Have you ever thought of an eating disorder like a separate person? Jenni Shaefer did, in her book, “Life Without Ed: How One Woman Declared Independence from her Eating Disorder and How You Can Too.” The following is a brief summary and review.
In her first chapter (“Filing for Divorce”), Jenni describes the process of separating, divorcing, and living freely from the influence of her eating disorder, nicknamed “Ed.”
Who Is “Ed”?
One of Jenni’s first steps toward recovery involved the differentiation of self from the character of the eating disorder. At first, Jenni struggled to recognize her own voice, as it sounded much the same as Ed’s (agreeing with him and obeying his every whim). She eventually came to see Ed as akin to an abusive relationship: belittling of her appearance, demanding perfection, and controlling food intake (sometimes by withholding it, other times by insisting on large amounts of food). Ed also acted to limit her social life and required her to keep Ed a secret. Jenni said, “Similar to a battered wife who is scared to leave her husband, a woman with an eating disorder is afraid to leave her illness behind.”
She began to notice Ed’s various faces:
- Ms. Perfectionist (who won’t allow anyone to see her vulnerability)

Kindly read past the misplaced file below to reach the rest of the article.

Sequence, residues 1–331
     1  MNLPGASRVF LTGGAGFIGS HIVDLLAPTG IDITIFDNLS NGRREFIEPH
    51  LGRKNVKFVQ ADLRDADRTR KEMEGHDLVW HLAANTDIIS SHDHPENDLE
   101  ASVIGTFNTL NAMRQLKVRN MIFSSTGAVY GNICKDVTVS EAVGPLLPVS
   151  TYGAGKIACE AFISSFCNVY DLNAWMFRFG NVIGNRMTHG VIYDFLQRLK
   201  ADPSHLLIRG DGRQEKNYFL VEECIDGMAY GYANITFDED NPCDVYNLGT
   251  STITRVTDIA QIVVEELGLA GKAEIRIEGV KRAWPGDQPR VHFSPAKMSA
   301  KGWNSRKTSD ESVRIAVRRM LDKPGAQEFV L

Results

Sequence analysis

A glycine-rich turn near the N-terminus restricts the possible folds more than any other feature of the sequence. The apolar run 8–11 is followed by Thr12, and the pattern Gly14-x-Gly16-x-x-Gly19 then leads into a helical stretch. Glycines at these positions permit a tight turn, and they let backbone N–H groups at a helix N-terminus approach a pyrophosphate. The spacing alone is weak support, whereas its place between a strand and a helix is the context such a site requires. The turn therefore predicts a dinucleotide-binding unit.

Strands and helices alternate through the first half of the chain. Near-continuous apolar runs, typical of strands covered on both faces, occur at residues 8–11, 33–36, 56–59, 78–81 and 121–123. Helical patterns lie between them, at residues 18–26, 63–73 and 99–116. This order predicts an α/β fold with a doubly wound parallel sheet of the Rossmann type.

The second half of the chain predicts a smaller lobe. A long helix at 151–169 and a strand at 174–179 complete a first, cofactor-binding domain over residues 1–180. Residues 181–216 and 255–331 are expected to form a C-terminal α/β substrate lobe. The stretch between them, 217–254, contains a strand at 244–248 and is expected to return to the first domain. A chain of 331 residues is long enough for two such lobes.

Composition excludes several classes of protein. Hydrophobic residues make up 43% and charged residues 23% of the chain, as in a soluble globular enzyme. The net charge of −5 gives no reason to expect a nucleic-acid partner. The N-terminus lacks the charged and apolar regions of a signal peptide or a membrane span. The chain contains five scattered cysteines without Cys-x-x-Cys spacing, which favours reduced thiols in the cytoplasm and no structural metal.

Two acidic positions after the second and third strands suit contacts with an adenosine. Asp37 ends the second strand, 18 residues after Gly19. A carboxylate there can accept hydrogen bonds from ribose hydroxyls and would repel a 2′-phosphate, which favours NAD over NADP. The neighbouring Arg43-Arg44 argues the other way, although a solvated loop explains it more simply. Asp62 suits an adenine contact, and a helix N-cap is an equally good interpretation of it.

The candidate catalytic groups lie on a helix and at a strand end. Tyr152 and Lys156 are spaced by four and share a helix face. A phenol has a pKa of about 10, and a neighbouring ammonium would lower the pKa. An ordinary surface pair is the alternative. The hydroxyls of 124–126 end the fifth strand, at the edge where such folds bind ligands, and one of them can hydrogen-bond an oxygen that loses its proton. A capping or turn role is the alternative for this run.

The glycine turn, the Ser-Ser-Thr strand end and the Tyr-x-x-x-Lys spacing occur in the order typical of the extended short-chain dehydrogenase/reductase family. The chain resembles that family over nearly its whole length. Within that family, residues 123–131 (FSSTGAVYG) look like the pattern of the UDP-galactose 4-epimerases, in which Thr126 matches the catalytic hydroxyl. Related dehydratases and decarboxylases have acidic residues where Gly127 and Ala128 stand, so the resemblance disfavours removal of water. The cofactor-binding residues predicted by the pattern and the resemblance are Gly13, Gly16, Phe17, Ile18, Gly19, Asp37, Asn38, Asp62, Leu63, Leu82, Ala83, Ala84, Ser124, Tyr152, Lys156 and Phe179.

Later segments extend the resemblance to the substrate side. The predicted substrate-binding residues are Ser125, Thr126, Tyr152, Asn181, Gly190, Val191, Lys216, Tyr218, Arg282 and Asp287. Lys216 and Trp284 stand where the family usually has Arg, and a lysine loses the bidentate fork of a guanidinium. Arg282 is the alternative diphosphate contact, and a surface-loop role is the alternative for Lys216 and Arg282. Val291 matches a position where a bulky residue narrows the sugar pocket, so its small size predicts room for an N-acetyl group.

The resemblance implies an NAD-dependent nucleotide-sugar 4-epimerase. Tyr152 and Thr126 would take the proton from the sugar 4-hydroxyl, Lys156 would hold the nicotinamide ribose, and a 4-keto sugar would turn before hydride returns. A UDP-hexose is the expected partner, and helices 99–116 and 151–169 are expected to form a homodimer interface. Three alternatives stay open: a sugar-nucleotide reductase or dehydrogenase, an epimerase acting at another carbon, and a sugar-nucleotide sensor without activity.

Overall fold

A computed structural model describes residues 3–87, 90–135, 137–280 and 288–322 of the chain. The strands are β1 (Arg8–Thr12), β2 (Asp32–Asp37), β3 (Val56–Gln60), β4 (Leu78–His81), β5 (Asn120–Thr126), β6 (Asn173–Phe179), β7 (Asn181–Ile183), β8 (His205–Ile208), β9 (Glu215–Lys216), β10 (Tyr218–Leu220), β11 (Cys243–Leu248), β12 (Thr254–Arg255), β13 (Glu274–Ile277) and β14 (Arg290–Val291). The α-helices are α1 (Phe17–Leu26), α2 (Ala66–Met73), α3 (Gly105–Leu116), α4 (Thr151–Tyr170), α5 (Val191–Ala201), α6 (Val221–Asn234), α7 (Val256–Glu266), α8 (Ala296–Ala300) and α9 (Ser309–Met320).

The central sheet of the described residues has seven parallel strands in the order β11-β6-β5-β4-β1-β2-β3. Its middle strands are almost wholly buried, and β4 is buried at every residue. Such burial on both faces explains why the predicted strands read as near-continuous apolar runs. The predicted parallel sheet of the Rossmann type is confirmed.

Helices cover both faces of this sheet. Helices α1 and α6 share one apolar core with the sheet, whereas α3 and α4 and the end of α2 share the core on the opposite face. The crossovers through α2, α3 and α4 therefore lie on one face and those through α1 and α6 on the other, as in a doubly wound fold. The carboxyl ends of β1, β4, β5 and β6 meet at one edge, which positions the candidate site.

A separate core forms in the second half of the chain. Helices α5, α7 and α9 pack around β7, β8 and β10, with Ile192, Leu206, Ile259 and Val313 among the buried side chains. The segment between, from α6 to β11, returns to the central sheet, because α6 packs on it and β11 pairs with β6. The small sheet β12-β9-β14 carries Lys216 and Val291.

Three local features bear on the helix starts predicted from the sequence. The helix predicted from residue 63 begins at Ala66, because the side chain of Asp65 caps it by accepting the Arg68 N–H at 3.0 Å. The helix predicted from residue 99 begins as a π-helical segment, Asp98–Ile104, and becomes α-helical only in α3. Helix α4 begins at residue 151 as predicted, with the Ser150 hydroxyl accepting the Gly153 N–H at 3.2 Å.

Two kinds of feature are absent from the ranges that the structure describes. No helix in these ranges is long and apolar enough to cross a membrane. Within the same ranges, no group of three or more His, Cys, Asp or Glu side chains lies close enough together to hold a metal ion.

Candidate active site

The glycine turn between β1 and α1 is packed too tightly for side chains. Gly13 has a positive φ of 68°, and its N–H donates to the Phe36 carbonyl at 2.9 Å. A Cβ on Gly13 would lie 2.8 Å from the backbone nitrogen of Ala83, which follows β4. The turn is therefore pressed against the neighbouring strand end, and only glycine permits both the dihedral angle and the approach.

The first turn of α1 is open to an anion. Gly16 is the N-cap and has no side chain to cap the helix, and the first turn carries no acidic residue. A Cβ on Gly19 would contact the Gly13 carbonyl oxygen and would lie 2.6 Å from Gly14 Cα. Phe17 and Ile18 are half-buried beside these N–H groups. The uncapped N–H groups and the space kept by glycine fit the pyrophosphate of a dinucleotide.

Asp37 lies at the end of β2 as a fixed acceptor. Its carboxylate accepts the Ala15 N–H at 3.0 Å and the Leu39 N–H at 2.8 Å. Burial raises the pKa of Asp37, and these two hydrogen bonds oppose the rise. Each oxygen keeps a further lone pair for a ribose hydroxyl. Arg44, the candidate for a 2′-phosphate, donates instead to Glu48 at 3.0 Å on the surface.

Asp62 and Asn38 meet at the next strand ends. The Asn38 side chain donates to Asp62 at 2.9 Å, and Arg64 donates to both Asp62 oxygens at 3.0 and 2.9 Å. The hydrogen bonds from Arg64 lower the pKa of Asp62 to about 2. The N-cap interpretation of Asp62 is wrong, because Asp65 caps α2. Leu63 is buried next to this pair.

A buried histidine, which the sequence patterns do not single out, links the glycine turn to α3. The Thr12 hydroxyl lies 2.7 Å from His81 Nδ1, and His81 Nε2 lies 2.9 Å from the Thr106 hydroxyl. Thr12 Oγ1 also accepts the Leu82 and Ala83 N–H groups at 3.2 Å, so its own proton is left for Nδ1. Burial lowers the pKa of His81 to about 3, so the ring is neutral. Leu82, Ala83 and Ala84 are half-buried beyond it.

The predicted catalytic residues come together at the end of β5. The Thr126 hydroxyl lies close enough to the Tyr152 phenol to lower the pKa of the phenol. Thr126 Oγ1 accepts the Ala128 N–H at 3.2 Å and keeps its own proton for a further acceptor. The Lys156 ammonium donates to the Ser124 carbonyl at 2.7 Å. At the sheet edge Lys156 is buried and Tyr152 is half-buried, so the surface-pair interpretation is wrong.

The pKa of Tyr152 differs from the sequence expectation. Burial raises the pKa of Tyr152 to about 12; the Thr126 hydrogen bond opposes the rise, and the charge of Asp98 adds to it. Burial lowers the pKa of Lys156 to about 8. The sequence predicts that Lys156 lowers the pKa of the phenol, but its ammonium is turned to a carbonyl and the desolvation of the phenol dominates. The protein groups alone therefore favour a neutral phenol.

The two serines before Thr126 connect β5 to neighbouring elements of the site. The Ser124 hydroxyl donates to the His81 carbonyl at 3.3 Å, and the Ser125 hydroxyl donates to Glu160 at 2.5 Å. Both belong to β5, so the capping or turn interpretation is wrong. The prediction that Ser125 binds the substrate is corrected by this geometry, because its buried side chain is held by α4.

- The Should Monster (who has strong opinions about the ‘right’ ways things should be or ought to have been in the past)
- The Timekeeper (who monitors how she spends every minute of the day)
Moreover, Jenni realized that she and Ed did not share the same values. Ed would have her lie, hide, and cheat. Jenni in no way wanted those qualities for herself.
In a powerful move, Jenni re-wrote a personalized version of the Declaration of Independence, positioning herself against the desires and motives of the eating disorder. Supported by her recovery team (therapist, dietitian, and support group), Jenni worked to gradually disobey (and eventually, also disagree) with her eating disorder.
Those struggling with symptoms similar to bulimia or anorexia will find “Life Without Ed” to be a valuable recovery aide. Written in short 1-3 page snippets, this book is accessible, useful, and inspirational. Jenni’s own therapist, Thom Rutledge, also chimes in to offer helpful thoughts and therapeutic exercises. Those with binge eating disorder may find the book to be less relatable.
If you’d like help divorcing from your eating disorder, the therapists at Star Meadow Counseling can help. We provide outpatient level counseling for a spectrum of eating issues and will provide referrals for those needing more intensive medical care or treatment.